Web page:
It is just after Christmas and I received this email: Hope you had a good Christmas! Just wanted to let you know of some fantastic success we have had with Dec. It’s funny that we only saw small changes until we visited Craig’s parents over the last couple of days…
Normally Dec has been petrified of Craig’s brother…..When we visited we had been using the pen lots when things got too busy and hectic to keep them calm and calmly brought Pluto into the room Craig’s brother was in- seriously was like a miracle moment- no barking, no signs of him being anxious he even went onto his lap and let him stroke him!!!! I think knowing the signs of when they are anxious has really helped us to keep him calm- we can’t always remove him from a situation but just knowing what to look out for really helps!
Normally visiting Craig’s family with the dogs is something I find really stressful but they have been 100% better behaved which just makes everything so much more enjoyable!

Goes Frantic When People Walk Out

Border Collie Bella is anxious and waryFour-year-old Bella should be a happy dog. She lives with a great family who love her, she is well fed, she has good exercise and a comfortable bed.

However, she is not a happy dog much of the time. Bella is anxious and wary. She has to know where each family member is all the time, running around the house and trying to round them up. She goes ‘mental’ when they try to leave the house and she may nip a visiting person who starts walking out through a door, though, interestingly, she is quite settled once she is all alone.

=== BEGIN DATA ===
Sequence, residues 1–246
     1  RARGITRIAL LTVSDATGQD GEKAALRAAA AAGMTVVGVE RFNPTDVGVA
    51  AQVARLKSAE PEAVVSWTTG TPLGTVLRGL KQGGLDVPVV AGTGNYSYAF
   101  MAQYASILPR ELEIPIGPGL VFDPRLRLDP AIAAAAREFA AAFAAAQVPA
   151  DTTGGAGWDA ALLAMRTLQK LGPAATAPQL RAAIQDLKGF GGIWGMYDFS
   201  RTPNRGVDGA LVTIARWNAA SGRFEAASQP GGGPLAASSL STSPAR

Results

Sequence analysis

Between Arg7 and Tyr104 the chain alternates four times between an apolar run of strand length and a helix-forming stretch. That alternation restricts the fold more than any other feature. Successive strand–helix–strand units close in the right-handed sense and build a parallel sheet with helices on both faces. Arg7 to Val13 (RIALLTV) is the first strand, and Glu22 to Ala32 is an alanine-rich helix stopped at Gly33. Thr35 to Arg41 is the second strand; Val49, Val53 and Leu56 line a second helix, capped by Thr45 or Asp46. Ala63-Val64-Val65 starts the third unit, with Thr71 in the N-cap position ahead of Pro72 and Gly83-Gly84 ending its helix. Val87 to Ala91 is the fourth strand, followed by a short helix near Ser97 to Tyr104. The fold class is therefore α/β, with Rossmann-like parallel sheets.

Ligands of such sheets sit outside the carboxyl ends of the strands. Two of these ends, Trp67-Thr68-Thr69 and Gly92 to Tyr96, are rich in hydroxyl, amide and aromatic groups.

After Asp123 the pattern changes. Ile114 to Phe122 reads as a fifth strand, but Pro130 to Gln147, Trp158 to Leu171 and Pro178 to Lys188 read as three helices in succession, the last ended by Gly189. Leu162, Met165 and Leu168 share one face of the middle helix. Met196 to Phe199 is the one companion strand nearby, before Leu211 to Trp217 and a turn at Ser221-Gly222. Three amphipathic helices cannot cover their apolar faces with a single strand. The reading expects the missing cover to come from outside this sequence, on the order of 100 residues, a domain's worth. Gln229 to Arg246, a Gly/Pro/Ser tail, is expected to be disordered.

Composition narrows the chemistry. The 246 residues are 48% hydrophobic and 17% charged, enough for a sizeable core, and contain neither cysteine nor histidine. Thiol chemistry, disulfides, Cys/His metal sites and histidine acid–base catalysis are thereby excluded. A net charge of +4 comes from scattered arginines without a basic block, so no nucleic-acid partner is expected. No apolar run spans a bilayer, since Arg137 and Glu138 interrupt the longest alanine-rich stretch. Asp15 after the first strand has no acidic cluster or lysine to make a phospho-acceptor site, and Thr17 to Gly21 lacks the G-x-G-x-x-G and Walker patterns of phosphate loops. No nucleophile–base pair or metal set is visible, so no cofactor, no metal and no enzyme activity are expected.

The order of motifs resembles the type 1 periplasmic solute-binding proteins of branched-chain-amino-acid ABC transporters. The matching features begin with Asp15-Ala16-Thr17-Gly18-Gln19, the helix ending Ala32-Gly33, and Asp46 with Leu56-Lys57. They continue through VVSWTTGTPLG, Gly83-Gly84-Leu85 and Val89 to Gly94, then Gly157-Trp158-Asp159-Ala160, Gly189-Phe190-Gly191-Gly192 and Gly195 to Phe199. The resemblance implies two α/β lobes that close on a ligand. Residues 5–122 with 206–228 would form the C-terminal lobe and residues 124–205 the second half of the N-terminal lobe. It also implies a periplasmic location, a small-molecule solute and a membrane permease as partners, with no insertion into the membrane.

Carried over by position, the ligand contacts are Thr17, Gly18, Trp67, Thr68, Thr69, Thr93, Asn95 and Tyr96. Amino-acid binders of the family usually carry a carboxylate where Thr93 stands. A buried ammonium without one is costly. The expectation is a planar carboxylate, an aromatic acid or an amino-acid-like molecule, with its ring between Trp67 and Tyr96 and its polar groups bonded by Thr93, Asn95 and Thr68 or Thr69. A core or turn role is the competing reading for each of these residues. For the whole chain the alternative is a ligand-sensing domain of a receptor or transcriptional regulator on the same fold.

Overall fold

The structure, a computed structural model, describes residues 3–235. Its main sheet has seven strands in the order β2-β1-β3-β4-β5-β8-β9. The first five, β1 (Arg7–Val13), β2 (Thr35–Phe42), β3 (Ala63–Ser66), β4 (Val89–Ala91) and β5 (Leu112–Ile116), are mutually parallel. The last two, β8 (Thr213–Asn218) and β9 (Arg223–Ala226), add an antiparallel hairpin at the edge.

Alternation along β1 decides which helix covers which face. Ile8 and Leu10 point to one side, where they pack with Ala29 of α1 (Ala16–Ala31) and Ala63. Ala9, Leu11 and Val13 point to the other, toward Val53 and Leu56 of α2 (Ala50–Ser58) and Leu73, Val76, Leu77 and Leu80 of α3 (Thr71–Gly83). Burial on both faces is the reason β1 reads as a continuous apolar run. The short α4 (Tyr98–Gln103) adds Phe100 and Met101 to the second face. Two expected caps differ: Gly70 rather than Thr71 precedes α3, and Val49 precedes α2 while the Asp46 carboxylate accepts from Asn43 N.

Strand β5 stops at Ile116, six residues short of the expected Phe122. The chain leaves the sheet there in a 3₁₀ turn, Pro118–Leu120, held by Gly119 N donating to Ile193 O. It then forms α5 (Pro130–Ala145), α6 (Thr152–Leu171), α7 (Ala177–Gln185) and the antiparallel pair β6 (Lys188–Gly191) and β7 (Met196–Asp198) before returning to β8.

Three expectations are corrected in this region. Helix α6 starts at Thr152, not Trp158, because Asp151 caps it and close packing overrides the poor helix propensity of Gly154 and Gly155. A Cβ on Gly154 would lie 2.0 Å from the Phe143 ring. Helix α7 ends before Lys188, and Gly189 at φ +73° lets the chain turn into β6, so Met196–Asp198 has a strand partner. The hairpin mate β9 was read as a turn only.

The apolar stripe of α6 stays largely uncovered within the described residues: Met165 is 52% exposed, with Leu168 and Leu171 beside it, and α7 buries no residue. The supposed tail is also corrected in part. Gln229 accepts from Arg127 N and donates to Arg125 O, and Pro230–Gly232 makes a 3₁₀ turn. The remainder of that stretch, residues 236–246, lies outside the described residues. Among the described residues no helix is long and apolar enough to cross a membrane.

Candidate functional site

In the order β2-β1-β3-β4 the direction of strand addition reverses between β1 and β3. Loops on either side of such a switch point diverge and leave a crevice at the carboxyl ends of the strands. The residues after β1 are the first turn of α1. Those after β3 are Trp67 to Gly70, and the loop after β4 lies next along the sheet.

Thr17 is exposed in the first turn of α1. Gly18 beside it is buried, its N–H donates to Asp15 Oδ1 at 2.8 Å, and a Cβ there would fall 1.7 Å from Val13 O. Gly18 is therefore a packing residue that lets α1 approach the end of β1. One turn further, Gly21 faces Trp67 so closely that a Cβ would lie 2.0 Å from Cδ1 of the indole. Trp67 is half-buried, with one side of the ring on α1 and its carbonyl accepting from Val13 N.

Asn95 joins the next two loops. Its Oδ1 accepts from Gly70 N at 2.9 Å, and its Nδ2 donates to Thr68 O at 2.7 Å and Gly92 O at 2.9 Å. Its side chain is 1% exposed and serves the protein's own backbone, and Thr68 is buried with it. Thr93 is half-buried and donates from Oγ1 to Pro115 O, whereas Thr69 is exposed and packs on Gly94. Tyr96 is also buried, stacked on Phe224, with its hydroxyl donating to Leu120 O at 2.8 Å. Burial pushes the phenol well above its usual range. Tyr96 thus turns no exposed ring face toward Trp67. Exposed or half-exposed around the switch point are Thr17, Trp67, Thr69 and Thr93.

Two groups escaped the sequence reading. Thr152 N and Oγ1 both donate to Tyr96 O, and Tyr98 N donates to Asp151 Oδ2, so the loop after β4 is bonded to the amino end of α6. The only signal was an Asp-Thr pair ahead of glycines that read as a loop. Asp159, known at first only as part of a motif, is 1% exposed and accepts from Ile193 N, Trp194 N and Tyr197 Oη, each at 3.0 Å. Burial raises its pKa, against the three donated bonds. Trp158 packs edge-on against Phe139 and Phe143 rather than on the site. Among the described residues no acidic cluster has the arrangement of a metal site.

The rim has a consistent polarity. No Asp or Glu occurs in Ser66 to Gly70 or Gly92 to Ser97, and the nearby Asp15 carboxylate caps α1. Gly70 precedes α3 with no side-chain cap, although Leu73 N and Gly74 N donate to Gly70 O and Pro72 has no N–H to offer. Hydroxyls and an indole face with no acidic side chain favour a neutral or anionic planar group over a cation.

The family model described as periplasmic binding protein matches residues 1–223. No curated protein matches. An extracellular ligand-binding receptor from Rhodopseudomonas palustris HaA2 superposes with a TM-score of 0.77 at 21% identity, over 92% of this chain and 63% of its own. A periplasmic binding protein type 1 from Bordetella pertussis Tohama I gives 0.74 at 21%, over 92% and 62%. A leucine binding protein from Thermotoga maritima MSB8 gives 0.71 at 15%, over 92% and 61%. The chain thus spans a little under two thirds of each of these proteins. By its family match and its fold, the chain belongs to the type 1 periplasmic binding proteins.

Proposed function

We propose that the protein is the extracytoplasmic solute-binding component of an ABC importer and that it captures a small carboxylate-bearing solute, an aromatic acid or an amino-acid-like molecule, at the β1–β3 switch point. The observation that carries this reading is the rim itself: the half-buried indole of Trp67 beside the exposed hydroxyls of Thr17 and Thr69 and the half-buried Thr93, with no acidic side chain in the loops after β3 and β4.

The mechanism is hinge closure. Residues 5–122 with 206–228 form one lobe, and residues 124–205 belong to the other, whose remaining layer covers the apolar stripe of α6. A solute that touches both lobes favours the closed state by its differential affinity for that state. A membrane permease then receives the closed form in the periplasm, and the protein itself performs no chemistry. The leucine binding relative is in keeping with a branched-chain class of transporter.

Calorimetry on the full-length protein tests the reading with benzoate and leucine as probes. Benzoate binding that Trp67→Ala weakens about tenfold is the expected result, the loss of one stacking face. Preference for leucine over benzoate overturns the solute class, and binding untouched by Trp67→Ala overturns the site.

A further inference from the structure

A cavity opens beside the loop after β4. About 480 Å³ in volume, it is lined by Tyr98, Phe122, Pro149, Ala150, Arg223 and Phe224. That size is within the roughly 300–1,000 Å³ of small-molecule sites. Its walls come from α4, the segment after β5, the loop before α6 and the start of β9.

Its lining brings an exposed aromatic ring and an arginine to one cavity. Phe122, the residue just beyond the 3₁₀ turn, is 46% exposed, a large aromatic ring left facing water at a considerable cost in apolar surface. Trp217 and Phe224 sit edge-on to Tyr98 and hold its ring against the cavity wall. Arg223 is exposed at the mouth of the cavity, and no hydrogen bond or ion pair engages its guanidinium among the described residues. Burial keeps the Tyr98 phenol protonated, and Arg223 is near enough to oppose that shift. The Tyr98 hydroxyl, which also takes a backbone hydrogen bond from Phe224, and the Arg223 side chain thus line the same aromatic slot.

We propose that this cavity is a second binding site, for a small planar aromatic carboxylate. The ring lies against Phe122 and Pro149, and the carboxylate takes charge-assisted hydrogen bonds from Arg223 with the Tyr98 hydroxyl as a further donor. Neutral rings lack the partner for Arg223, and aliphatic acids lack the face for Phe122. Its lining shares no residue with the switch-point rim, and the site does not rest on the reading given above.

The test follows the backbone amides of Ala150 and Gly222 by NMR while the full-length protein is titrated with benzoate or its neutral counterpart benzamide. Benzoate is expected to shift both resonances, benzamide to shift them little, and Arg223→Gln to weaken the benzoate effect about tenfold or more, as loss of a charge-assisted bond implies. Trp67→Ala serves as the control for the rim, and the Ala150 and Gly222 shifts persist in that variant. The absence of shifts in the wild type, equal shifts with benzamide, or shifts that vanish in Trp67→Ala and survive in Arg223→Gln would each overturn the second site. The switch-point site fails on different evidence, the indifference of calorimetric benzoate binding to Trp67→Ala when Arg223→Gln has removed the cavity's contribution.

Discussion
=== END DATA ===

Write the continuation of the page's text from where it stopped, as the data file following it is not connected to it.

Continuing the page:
The little boy is only two years old, and Bella feels threatened and growls if she is cornered by him. So far he’s not been nipped.

Being in a family with three children there is a lot of bustle and excitement – particularly before school in the mornings. Bella gets very worked up indeed, running around the house and as the first ones leave for school, hurling herself at the window, barking.

Bella is very wary of new people and other dogs, especially men, and on walks she will bark, hackle and cower away.

I would say her start in life was far from perfect. Before twelve weeks old she probably never encountered other dogs apart from her own mother and litter mates, and will not have been exposed to friendly people and children, nor things like vacuum cleaners. When it’s left this late, it is hard to catch up. It is very likely that her mother was also an anxious and timid dog and that her genetics were not ideal – puppies are usually friendly and confident, but Bella was scared when they fetched her.

I have been to a great number of anxious, timid dogs – and dogs that round people up and nip – quite of a few of them Border Collies.

Today, the next day, I have received an email: ‘This morning was wonderful. We followed your instructions……..Bella was calm and we were also. What a great start’. I had been suggested by another client, and it’s always very rewarding to hear that I, to quote, ‘could not have been more highly recommended’.

With a mix of practical common sense, understanding things from the dog’s point of view and changing the owners’ behaviour accordingly, big changes can happen – given time.

I can help you, too, with these problems or any other that you may be having with your dog.